"Yes. And I'm happy with our training. If we were only twenty or thirty miles miles slower than them, they wouldn't have much left by this time."
Murphy looked around at the others. Eustacia asked how they had lost their planes.
"At first I kept three planes in the air at all times to guard against surprise attack. After the first engagement I realized that it was useless. Three pilots couldn't have done much except get killed, and the rest of us wouldn't have had time to get off the ground. So I put everyone in the air just before dawn, and at other times I thought they might attack. It was pretty much a matter of guessing."
Whitby paused, seemingly in thought. Murphy prodded him gently.
"You must have guessed right the first time they attacked."
"Yes, I suppose I did. That worked out well. But it was only a matter of time. They were bound to catch us on the ground. It happened sooner than I'd hoped, though. It was when we were cooking dinner. I had everyone camped on a wooded ridge well away from the field. I wouldn't let them go near the field, except to fly. When the enemy did attack, they probably didn't see us pilots at all. Anyhow, they came in low. They had biplane fighters in addition to the Messers, and there were more than I'd seen. They made several passes. Even after the first one, our ships were burning and exploding in all directions. Mine was one of the first. The gas tank was full, and it must have taken only three or four seconds to disappear. They would have gotten all our ships, except that the smoke must have obscured the two that came through it. Bob and I managed to keep the boys from running down to the field during the attack."
Eustacia spoke consolingly.
"I remember in St. Marc how angry the boys got when you dropped bags of garbage on their social club."
Whitby laughed, not quite in his usual way.
"Yes, they did, didn't they? This time they were fit to be tied. I really didn't know what they'd do. One German crash- landed. I don't know why. One of his own men must have mistaken him for one of us. Anyhow, I had Collishaw take him over to the local militia before the boys saw him. Whatever the militia did to him, it couldn't have been worse than falling into our hands."
This last remark seemed not to be a joke. Eustacia somewhat nervously inquired,
"That was almost a week ago, wasn't it? How were they when you left?"
"In a funny state. On one hand, they're sky high. They think they can lick anyone under any circumstances. But they're also very vengeful. If they get any kind of planes, they'll want to attack the German headquarters. That would be a great mistake."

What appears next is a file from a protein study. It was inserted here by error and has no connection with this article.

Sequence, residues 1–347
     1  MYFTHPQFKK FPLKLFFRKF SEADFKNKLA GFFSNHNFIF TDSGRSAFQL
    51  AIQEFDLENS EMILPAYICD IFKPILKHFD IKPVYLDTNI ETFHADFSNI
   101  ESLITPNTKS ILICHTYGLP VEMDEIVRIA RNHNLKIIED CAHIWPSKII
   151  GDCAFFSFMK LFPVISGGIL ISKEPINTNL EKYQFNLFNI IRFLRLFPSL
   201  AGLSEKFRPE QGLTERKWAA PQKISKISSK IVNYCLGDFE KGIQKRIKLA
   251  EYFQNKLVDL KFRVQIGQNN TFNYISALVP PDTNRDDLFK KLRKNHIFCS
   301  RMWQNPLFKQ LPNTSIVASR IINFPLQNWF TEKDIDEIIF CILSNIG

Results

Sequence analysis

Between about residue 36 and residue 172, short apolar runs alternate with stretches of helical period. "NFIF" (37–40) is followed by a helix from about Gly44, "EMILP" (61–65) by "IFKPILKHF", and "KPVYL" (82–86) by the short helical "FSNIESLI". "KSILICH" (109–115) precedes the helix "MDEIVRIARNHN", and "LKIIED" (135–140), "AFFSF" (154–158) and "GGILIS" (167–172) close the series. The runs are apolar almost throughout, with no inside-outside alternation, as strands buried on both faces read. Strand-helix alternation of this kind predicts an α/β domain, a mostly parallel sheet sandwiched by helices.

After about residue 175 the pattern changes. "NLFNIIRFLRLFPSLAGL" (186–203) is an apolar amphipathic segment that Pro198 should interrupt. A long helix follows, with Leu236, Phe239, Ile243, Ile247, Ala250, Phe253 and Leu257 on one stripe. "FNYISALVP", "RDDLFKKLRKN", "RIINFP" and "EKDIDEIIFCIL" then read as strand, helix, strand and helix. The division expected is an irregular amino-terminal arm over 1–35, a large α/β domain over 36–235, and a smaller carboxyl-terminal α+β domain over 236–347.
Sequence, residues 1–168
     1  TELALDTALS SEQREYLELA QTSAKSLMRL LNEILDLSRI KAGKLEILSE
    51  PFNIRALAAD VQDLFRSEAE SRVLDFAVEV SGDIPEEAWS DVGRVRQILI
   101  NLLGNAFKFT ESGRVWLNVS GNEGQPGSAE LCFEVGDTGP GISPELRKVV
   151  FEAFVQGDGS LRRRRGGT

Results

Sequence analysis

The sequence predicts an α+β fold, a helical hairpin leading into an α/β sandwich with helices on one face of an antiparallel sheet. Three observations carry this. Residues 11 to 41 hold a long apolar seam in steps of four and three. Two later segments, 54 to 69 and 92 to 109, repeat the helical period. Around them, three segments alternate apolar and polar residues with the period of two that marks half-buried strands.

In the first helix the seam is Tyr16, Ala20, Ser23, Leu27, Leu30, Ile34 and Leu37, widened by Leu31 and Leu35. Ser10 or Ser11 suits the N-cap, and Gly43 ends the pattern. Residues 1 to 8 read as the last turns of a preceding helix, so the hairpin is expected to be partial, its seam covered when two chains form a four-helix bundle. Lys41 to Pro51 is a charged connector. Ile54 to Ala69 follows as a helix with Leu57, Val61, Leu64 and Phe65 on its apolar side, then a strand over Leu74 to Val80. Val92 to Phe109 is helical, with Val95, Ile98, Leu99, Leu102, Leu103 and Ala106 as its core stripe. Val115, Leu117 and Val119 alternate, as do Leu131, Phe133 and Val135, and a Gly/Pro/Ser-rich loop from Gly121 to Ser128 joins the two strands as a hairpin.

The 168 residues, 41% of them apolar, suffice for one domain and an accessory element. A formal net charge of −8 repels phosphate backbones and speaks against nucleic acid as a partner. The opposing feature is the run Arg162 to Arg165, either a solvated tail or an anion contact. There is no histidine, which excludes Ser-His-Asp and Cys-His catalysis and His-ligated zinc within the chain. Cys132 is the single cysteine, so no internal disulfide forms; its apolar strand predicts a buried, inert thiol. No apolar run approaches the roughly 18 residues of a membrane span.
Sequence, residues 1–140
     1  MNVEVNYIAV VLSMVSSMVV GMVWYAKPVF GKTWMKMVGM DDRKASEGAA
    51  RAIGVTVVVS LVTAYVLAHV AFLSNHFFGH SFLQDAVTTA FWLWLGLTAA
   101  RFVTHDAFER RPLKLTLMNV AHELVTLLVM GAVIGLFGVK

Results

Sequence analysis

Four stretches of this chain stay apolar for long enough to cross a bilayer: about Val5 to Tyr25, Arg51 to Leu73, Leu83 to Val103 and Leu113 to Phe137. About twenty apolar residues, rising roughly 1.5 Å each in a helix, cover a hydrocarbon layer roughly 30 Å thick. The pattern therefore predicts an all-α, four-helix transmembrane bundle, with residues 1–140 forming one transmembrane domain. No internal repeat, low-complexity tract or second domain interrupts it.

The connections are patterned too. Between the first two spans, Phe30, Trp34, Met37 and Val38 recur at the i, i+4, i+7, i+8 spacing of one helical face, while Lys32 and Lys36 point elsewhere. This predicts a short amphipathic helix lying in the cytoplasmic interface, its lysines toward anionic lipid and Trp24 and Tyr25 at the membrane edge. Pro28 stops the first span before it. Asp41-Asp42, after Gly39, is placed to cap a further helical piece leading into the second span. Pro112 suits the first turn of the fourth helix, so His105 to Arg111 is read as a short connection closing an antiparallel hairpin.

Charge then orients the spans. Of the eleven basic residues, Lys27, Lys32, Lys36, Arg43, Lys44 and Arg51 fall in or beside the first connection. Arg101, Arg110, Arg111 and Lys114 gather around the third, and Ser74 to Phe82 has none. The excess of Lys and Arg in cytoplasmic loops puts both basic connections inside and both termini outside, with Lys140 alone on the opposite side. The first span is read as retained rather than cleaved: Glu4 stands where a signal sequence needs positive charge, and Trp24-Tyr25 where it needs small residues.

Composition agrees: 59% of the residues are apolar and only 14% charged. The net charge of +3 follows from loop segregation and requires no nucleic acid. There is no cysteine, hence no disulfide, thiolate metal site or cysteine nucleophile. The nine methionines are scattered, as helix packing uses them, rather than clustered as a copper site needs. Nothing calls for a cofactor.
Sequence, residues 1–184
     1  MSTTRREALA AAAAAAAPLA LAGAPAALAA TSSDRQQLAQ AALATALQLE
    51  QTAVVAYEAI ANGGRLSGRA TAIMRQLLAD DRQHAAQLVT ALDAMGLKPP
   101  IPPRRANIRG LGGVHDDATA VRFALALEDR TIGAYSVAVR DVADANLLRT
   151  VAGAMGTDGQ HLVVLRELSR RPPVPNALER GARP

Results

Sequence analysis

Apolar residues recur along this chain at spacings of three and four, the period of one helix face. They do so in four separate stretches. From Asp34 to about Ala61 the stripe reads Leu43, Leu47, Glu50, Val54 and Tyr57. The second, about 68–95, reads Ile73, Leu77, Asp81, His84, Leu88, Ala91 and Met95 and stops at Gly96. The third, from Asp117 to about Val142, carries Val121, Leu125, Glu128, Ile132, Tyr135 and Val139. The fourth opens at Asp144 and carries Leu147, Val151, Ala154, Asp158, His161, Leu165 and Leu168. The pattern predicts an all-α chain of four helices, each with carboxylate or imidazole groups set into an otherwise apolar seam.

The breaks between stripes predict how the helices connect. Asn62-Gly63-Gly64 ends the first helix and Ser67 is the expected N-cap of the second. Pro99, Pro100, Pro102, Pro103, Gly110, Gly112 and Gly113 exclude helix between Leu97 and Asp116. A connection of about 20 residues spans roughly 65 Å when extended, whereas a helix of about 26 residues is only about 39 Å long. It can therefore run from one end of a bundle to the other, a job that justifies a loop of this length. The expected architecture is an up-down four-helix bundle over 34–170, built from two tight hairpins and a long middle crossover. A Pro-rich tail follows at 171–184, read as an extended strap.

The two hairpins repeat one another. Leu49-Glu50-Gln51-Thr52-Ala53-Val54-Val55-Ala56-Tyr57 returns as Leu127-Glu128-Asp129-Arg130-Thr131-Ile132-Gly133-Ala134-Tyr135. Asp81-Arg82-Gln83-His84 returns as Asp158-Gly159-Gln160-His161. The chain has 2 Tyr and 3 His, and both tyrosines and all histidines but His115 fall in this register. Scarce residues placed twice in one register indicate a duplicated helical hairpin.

Eustacia spoke with a good deal of assurance.
"Then, I think we should get them out of there right away. We've got to keep them alive, and we really want them to think they're unbeatable. It sounds like the perfect attitude for the next war."
Whitby continued to look unhappy.
"I was going to suggest it myself. We've found out what we needed to know. If we go back with more fighters we'll have reverses. We've got them confused now, but they'll eventually learn to keep a closer eye on their fuel guages and not be lured too far."
Murphy, for the first time, spoke to Conway.
"What do you think, Mr. Conway?"
"I think we should go before we get found out. There are all sorts of rumors floating around about us. We're Russians, Mexicans, and even Finns. But, despite their time in Haiti, our kids are totally American. Anyone who knows Americans would recognize them immediately. There are reporters, including American ones, all over the place. I don't know how we've avoided them this long."
"The thing I like most about the present situation is that we've really won, but the Germans probably think they have. As you know, they've just signed an alliance with the Japanese. The chances are that they'll tell them that German planes and pilots are overwhelmingly superior to anything else in the world. Or, if they're tactful, to anything else in Europe. That's a good message for the Japanese to get. They can relax and take things easy."